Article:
Sometimes it’s hard to believe we have lived in this house for three years. I hoped to get this post done last week, but going to Minnesota and being sick knocked me off my game. Let’s take a walk down memory lane to see how this house looked when we started and where we’re at now. We’re not completely finished, but most rooms are getting there. At least the structure, furniture is a different story. One that I might never be done with. The entry isn’t large, but the dark door, red curtains, and dingy wall color didn’t do the space any favors. Or scream “Welcome!”
After adding a white tongue and groove accent wall, a new glass door, and light gray paint, we’re almost done. To call it finished, we’ll replace the railings for something less, um, orange and ornate.
From the stairs, the living room is just off to the side. Orange-y tan and maroon walls were much too dark for our liking.
Brightening the room was as simple as a coat of paint and bold grass-green curtains. Of course it helps that I’ve learned a little more about my camera since then. Though that has a long, long way to go, too.
Oye, that red accent wall drove me insane.
As much as this room has changed, there’s still some work to finish up. Crown, doors and perhaps a new coat of paint on the entertainment center.
The search for the perfect rug hasn’t been easy.
Most of the windows were original to the house, except the gridded two in the main space. Despite being newer, the bay window sagged and the door was too tall for these ceilings.
While replacing windows, we also swapped the door for a window and vice versa.
The kitchen is the biggest change to date. Starting with broken and dated oak cabinets, small beige floor tile, and blue wall paper wasn’t our favorite look.
Going away from the darkness, we added white perimeter cabinets, a white planked ceiling, and a wall of marble tile.
Before, the pantry cabinets on the other side of the island were poorly placed and ate up a lot of real estate.
Because we love open floor plans, especially when entertaining, we opened the wall separating the kitchen from the dining room.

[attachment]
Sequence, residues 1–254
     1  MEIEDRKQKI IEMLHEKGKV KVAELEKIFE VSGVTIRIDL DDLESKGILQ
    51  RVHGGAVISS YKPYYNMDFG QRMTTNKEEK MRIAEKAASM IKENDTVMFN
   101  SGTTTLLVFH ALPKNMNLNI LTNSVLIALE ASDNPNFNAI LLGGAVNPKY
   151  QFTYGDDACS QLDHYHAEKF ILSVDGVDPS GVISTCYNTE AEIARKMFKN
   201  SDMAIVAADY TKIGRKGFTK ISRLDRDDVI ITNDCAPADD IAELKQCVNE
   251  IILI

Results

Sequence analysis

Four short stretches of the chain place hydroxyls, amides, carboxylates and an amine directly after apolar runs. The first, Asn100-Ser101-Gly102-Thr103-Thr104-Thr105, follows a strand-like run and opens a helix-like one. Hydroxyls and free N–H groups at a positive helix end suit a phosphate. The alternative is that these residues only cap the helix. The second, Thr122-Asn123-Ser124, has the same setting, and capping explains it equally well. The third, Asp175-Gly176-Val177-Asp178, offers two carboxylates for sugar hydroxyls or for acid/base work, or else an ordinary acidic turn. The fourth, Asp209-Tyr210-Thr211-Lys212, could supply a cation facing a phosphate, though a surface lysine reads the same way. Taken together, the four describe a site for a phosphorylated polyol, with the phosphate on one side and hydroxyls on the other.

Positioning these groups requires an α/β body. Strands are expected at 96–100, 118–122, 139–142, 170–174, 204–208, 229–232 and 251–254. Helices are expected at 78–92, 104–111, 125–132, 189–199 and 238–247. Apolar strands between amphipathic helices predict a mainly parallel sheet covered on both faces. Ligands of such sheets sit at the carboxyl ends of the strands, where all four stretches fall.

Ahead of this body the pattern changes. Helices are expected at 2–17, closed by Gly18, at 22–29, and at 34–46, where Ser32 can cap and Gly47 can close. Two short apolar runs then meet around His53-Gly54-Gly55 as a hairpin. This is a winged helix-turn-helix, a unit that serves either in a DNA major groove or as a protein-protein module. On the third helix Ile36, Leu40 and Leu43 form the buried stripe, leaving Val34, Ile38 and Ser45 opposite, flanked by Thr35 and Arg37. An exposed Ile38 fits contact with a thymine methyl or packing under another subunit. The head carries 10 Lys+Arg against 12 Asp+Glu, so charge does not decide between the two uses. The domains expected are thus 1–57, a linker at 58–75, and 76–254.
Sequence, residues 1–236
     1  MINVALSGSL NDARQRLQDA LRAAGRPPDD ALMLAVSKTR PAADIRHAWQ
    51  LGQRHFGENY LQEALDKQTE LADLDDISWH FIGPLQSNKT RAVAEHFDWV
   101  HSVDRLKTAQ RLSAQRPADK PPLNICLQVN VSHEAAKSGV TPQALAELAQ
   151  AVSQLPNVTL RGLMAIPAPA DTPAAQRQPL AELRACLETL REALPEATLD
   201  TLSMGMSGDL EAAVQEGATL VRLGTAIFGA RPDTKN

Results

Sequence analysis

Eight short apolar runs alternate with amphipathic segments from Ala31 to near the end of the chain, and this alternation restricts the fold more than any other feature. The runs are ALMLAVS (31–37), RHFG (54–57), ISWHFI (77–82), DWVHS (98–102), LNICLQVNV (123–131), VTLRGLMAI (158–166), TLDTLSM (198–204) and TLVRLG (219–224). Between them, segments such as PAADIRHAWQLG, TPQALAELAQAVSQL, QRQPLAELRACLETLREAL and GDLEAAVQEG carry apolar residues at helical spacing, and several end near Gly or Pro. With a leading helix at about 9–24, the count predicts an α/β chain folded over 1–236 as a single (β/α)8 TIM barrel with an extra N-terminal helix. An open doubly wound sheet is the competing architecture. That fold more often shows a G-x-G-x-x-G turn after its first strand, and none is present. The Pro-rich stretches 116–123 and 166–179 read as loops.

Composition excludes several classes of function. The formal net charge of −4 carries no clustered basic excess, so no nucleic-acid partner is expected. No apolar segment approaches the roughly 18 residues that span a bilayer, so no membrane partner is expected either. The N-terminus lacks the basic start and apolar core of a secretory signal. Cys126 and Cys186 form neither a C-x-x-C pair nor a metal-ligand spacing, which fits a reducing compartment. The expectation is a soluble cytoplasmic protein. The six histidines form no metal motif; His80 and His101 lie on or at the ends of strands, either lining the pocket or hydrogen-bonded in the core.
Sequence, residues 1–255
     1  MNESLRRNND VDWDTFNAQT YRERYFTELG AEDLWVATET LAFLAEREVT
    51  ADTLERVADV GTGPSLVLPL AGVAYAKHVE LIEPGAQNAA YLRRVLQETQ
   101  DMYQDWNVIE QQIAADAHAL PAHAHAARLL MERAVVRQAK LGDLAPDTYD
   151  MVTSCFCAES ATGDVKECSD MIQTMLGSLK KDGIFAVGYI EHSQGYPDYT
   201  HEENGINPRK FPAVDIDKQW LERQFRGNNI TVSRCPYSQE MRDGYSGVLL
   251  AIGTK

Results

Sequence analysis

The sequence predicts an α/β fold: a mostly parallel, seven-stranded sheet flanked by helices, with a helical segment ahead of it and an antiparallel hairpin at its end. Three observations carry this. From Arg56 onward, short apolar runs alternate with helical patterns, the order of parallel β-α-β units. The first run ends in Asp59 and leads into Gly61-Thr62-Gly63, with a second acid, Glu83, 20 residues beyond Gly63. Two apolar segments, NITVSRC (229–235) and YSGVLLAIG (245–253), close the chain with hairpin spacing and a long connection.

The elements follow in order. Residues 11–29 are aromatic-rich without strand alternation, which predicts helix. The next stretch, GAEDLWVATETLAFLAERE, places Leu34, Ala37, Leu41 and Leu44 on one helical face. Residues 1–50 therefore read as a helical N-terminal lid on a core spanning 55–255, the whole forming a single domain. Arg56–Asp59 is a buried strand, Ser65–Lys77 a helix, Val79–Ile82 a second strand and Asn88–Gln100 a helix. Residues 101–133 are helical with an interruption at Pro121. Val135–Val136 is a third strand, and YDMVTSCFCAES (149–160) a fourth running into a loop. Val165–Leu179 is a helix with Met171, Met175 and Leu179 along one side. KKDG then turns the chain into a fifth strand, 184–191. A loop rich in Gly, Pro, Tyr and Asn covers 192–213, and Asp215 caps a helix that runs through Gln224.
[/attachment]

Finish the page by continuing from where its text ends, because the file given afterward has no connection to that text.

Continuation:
Next to the kitchen is my little office nook.
Turning the seating area to face the window makes the office feel so much larger. Working facing a wall isn’t nearly as nice as looking out a window.
An open fireplace in the family room was a danger, with a dirty moss rock surround that swallowed the room.
Eventually I’d love to get a more cushy pair of chairs and a slightly smaller sofa.
The main bathroom wasn’t functional for our family with young kids to splash around in the clawfoot tub.
Replacing the tub with a tub/shower combo works far better for our family.
A large wooden vanity didn’t offer much storage, but took up a lot of floor space.
Adding a shelf stack and open vanity uses the same footprint, but boasts a load of storage.
As with many 70’s homes, there was plenty of dark oak, including a floor to ceiling bookcase in the guest room.
To accommodate a bed and dresser, we cut out the center of the shelves to create a surrounded bed nook.
The boys’ room was a blank canvas with beige walls, popcorn ceiling, and two windows.
A little ceiling scraping and paint really upped the fun factor for our two young kiddos.
Our bedroom had electric blue walls, two of which were wall papered and painted over.
After more popcorn removal and scraping layers of wall paper off, we painted the room nearly black. Adding a door lets in even more light, and once the deck is built, we’ll have our own little getaway. Ignore the unfinished bed frame. I’m still figuring out what I want.
More blood-red walls in the master bath. Paired with the oak cabinets and yellow tile it felt very fast food restaurant-y.
After a full gut remodel we have a modernized space perfect for relaxing.
Though many people questioned our decision to remove a sink to gain a full bath with clawfoot tub, we moved ahead.
I have to say, best decision ever. Especially because I’ve always wanted a clawfoot tub. After a long day of projects and kids, it’s the best place to unwind in the evening.
As always, our house is a revolving door of projects and construction. Looking back at the beginning makes me even more excited with the progress and all the time we spend updating this house.